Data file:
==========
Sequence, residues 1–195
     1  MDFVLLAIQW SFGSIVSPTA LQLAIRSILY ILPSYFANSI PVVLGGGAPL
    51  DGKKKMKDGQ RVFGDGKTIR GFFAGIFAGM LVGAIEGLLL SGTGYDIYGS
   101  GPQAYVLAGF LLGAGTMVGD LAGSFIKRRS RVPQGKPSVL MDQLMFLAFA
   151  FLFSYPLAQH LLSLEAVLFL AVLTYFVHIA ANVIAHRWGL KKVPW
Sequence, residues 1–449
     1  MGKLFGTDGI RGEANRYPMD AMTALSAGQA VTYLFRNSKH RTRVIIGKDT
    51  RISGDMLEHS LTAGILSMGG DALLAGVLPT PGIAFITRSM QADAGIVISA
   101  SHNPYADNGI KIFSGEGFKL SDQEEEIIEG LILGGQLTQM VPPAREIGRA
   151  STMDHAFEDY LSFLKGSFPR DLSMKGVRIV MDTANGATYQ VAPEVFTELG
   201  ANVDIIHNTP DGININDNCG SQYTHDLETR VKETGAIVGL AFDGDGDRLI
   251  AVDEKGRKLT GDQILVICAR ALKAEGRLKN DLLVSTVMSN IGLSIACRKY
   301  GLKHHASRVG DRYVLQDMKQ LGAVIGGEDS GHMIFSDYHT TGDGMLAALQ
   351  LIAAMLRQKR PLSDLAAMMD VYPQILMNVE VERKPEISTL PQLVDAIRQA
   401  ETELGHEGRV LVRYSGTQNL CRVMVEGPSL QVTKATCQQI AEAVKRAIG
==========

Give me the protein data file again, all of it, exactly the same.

Sequence, residues 1–195
     1  MDFVLLAIQW SFGSIVSPTA LQLAIRSILY ILPSYFANSI PVVLGGGAPL
    51  DGKKKMKDGQ RVFGDGKTIR GFFAGIFAGM LVGAIEGLLL SGTGYDIYGS
   101  GPQAYVLAGF LLGAGTMVGD LAGSFIKRRS RVPQGKPSVL MDQLMFLAFA
   151  FLFSYPLAQH LLSLEAVLFL AVLTYFVHIA ANVIAHRWGL KKVPW
Sequence, residues 1–449
     1  MGKLFGTDGI RGEANRYPMD AMTALSAGQA VTYLFRNSKH RTRVIIGKDT
    51  RISGDMLEHS LTAGILSMGG DALLAGVLPT PGIAFITRSM QADAGIVISA
   101  SHNPYADNGI KIFSGEGFKL SDQEEEIIEG LILGGQLTQM VPPAREIGRA
   151  STMDHAFEDY LSFLKGSFPR DLSMKGVRIV MDTANGATYQ VAPEVFTELG
   201  ANVDIIHNTP DGININDNCG SQYTHDLETR VKETGAIVGL AFDGDGDRLI
   251  AVDEKGRKLT GDQILVICAR ALKAEGRLKN DLLVSTVMSN IGLSIACRKY
   301  GLKHHASRVG DRYVLQDMKQ LGAVIGGEDS GHMIFSDYHT TGDGMLAALQ
   351  LIAAMLRQKR PLSDLAAMMD VYPQILMNVE VERKPEISTL PQLVDAIRQA
   401  ETELGHEGRV LVRYSGTQNL CRVMVEGPSL QVTKATCQQI AEAVKRAIG